'I'm talkin' loud, and I'm sayin'plenty!'
That's who the f%$# I think I am!!!

Anonymous said...

The early '90's were already "Giuliani Time." Any interesting, gritty views of times square would really have to come from the '80's or earlier.
Playland, Fascination and the Pink Pussycat Theater all come to mind. By the '90's, the majority if the sex-businesses had already left Times' Square and moved to either 8th Avenue by the Port Authority or to 6th Avenue in Chelsea. Sorry to say, but I think the Prophet Debunker hit the bull's eye.

Jeremiah Moss said...

times square in the early 1990s was not as "gritty" as it had been in the prior two decades, that is certainly true. but to say it was already completely Disneyfied is just not historically accurate.

the early to mid 90s was 42nd St's last gasp of smut. all along the block and along 8th were peep shows, adult book shops, and places to see simulated sex acts. show world had "face shows"--for 10 bucks a girl would sit on your face. this was as late as 1996.

it still existed. and then, with one fell swoop, in a span of just a few years, it was gone. the brick buildings, which were indeed all quite low, and everything they contained, were gone.

Dayton Chrome said...

Little bit of trivia for ya: the words on the marquee of the theater in the background were installed by none other than Jenny Holzer.

These photos were taken right around the time that the city pretty much closed down all the porno theaters, sex shops, and grindhouses on the block. Holzer's installation pieces were just harbingers of what was to come in a way.

Not going to jump into the 'which era of Times Square was more *real*' fray, but yeah, by the time these photos were shot, the circus had already left town. Which some people say was for the better.

That's all.

Grand St. said...

Easy there, debunker.

You blew a gasket because Jeremiah's pictures of Times Square weren't the proper vintage, going so far as to suggest he leave town. Seemed ridiculous to me. Not everyone had the pleasure of living on Ave. B in the 70s. Doesn't mean they're all "disqualified" as New Yorkers.

Regarding your credentials, certain aspects of your c.v. are clearly laudable, but service on a community board-for one thing-is not ipso facto proof of one's status as ideal gatekeeper of New York (Too many liquor licenses and all that.) Seems to this LES native that we could use a few more Jeremiahs out there, alongside old cranks like yourself.

That said, I imagine there's a less heated, more nuanced approach to your writing. Care to share a link to an article?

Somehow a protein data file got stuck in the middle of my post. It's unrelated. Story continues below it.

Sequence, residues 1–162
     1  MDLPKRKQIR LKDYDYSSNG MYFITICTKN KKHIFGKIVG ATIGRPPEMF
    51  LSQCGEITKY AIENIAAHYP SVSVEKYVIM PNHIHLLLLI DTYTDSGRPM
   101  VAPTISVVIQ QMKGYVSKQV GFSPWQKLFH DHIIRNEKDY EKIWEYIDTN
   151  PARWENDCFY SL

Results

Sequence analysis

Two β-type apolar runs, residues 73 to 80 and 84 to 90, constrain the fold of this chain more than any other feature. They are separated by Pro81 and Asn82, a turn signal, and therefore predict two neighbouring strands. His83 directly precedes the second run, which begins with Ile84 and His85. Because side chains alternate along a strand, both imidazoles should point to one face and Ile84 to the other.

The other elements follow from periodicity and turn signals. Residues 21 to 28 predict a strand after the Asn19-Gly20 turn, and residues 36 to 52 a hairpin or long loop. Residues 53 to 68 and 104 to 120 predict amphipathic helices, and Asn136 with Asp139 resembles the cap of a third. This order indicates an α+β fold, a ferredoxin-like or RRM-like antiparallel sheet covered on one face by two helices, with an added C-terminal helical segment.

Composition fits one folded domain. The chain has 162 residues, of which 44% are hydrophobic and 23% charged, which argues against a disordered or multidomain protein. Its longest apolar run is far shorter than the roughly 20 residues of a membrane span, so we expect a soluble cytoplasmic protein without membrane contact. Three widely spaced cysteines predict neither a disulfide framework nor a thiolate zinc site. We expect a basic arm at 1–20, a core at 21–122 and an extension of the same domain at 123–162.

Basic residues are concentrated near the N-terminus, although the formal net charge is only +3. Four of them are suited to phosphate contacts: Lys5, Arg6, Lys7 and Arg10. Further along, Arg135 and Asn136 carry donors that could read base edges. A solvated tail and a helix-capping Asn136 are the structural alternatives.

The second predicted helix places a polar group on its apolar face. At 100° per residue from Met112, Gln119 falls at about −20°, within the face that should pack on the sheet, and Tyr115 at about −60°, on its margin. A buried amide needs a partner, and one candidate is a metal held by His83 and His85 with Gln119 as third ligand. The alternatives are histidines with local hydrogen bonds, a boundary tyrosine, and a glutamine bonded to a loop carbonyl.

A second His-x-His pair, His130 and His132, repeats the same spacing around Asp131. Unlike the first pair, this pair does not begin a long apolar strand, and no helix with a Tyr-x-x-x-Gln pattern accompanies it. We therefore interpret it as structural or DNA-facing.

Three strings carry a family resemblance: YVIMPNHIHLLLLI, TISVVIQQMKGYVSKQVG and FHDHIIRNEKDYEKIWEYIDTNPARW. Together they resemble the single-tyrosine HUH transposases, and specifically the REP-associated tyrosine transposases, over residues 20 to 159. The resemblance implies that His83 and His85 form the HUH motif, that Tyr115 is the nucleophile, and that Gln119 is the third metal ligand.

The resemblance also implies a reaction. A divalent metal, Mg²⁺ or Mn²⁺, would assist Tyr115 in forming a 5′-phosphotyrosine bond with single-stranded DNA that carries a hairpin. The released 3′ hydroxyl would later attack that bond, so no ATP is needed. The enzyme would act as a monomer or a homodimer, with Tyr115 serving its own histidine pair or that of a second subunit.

...and lastly, what's the definition of "ununker?"

Jeremiah Moss said...

thanks grand st. maybe debunker will accept your invitation to share his or her articles. it's important to have passionate natives contribute to writing on the city--and also to have them as avid readers of this blog, and others like it, as debunker has proven to be.

Jill said...

When you say "the early 90's" it sounds so recent, like just a few minutes ago, but things have changed so dramatically, and so quickly, that I think it's easy to forget that the early 90's were just on the other side of the big glass-fronted change and still had many, many vestiges of what is now truly gone. It takes looking back and photos like these to realize how very fast New York has changed.

helen of destroy said...

Anonymous--I remember coming into the city as a little kid on a bus full of little kids from Jersey & giggling ourselves to death @ the Playland sign as late as 1994. Some of those places were indeed still open into the mid-90s.
[I have to say I was pretty shocked when I came back in 2005, can only imagine what people who lived here in the 80s or 70s must feel if they're coming back for the first time now]

Dayton Chrome said...

You might enjoy this photo right here:
http://1.bp.blogspot.com/_sU3b8Jackbc/SsGuzdVId3I/AAAAAAAAOCg/EIU08BUcigM/s1600-h/NYC+1978.jpg

Jeremiah Moss said...

nice photo--thanks!

Dane Vannatter said...

Hey Jeremiah, a couple of your pictures, the ones with the "cocktail bar" partially in the frame reminded me of a bar across from the 8th Ave entrance Port Authority. Wasn't there a bar there called the Port Authority Bar, something like that. It looked seedy and sooty and really fun. I never went in, we were spending too much time at the Savoy Bar on 41st which was scary but entertaining and sleazy.

Jeremiah Moss said...

maybe you're thinking of Port 41?

http://evgrieve.com/2008/11/giving-thanks-one-week-early-port-41.html

Dane Vannatter said...

I should have been patient, for about 2 posts later there it was: Terminal Bar. That's the place I always wanted to hang out. Port 41 is now where the old Savoy was, a bar I would never have gone to by myself but loved to go to with my friend Marle. We loved to drink heavily in lowdown bars where we could be left alone but entertained by the colorful clientele.

laura said...

yes it does seem like most posters here think life began in 1990. but "J" also has a great back-round of very old new york. he studies vintage pictures, & has a good sense. his personal photos are very good. some of the images are of older places. so some of them ARE from vintage new york. ok, contest? i know NYC from the 1950s. big deal. & the 1960s, big deal. know what? i have a very different perceptive from the 90s kids. alot of stuff they like really was an awful change, & WE who were born here, hated it. (4 generations, i know as i speak).

Gregoire Alessandrini said...

Dear Jamie,
You will find images of 42nd street, the meat market (and other NY locations in the nineties) on my personal blog...
http://galessandrini.blogspot.fr/

I believe you might find them interesting.
thank you for sharing the link on your site if possible.

best regards,
Greg

Gregoire Alessandrini said...

absolutly true !